Figure 1. Neutralizing effects of sera from mice treated with SARS-PsV or MERS-PsV against SARS-PsV, MERS-PsV, 2019-nCoV-PsV, WIV1-PsV and Rs3367-PsV infection. A Schematic representation of the production of SARS-PsV and MERS-PsV. B The immunization procedure. C Detection of sera from SARS-PsV-, MERS-PsV- and PBS-treated mice for neutralization activity against SARS-PsV infection. D Assessment of sera from SARS-PsV-treated mice for neutralizing antibody titers against SARS-PsV infection. E Detection of sera from SARS-PsV-, MERS-PsV- and PBS-treated mice for neutralizing antibody titers against MERS-PsV infection. F Assessment of sera from MERS-PsV-treated mice for the neutralizing antibody titers against MERS-PsV infection. G Detection of sera from SARS-PsV-, MERS-PsV- and PBS-treated mice for neutralization activity against 2019-nCoV-PsV infection. H–I Detection of sera from SARS-PsV-, MERS-PsV- and PBS-treated mice for neutralization activity against WIV1-PsV and Rs3367-PsV, respectively. J–K Detection of sera from SARS-PsV-treated mice for neutralization activity against WIV1-PsV and Rs3367-PsV infection. I NT50 value of mouse sera agaisnt SARS-PsV, MERS-PsV, WIV1-PsV, Rs3367-PsV and 2019-nCoV-PsV infection. GraphPad Prism version 5.0 was used to perform all statistical analyses. ns, not significant; *P < 0.05; **P < 0.01; ***P < 0.001; ****P < 0.0001.
We first tested day-35 sera for neutralization of SARS-PsV infection using ACE2-expressing 293T cells. As shown in Fig. 1C, compared with the PBS-treated group, significant neutralization (P < 0.0001) was observed in the sera from SARS-PsV-treated mice at dilution of 1:100, 1:200, 1:400 and 1:800. The percent of inhibition of SARS-PsV infection in sera from the SARS-PsV-vaccinated group could reach ~ 97%, even at a dilution of 1:800. Then, the NT50s (50% neutralizing antibody titers) of these sera were further tested. As shown in Fig. 1D, the mean NT50 of the sera was 41, 425. The sera from MERS-PsV-treated mice, as negative control, did not reach our NT50 threshold at a dilution of 1:100 and did not show a significant difference (P > 0.5) compared with the PBS-treated control group. Then, we tested the neutralization effects of the sera against MERS-PsV infection using the Huh-7 cell line. We found significant MERS-PSV neutralization effects in the sera from MERS-PsV-treated mice (Fig. 1E). The NT50 of these sera was also detected as 5945 (Fig. 1F). However, the sera from SARS-PsV-treated mice could not significantly inhibit MERS-PsV infection, even at a dilution of 1:100 (Fig. 1E). In spite of the high neutralization titer in both groups, we did not observe a significant cross-neutralization effect.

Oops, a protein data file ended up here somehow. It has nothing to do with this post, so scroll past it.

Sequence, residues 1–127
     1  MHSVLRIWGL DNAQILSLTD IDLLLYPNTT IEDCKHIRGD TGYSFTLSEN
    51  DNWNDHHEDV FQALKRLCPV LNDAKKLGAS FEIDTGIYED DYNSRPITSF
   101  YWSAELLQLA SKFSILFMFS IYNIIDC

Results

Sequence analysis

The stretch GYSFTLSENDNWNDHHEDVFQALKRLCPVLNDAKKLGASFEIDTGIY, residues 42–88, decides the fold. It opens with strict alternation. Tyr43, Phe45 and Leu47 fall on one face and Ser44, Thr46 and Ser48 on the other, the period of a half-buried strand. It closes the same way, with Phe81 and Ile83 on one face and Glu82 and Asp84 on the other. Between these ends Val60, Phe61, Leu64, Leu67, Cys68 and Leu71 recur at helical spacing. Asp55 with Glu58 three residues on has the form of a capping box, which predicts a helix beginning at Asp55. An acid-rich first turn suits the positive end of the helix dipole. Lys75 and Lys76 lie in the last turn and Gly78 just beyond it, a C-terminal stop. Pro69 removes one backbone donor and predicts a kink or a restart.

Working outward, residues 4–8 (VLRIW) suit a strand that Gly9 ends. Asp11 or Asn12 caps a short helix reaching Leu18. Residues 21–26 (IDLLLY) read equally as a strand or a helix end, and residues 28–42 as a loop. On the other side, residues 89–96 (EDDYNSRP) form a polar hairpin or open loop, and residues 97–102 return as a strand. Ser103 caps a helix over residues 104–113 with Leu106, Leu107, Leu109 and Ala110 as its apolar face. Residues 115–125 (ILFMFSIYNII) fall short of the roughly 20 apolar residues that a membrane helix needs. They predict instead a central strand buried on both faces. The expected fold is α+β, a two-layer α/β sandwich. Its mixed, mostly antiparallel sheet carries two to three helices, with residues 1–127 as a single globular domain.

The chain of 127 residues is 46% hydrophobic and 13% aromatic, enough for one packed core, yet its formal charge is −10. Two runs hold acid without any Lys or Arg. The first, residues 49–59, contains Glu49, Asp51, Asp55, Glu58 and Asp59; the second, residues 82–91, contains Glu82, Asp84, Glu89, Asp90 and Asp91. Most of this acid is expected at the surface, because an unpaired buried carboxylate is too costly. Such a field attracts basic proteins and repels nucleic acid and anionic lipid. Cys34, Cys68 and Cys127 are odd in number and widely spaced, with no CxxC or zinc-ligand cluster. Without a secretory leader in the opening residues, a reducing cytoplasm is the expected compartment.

To assess whether the SARS-PsV-treated mouse sera could show cross-neutralization effects for 2019-nCoV, we tested the inhibition effects of all sera using a 2019-nCoV pseudovirus system and Huh-7 cells as the target cell. No neutralization was detected, either for sera from SARS-PsV-treated mice or for MERS-PsV-treated mice, even at a dilution of 1: 100, compared with the sera from PBS-treated mice (Fig. 1G).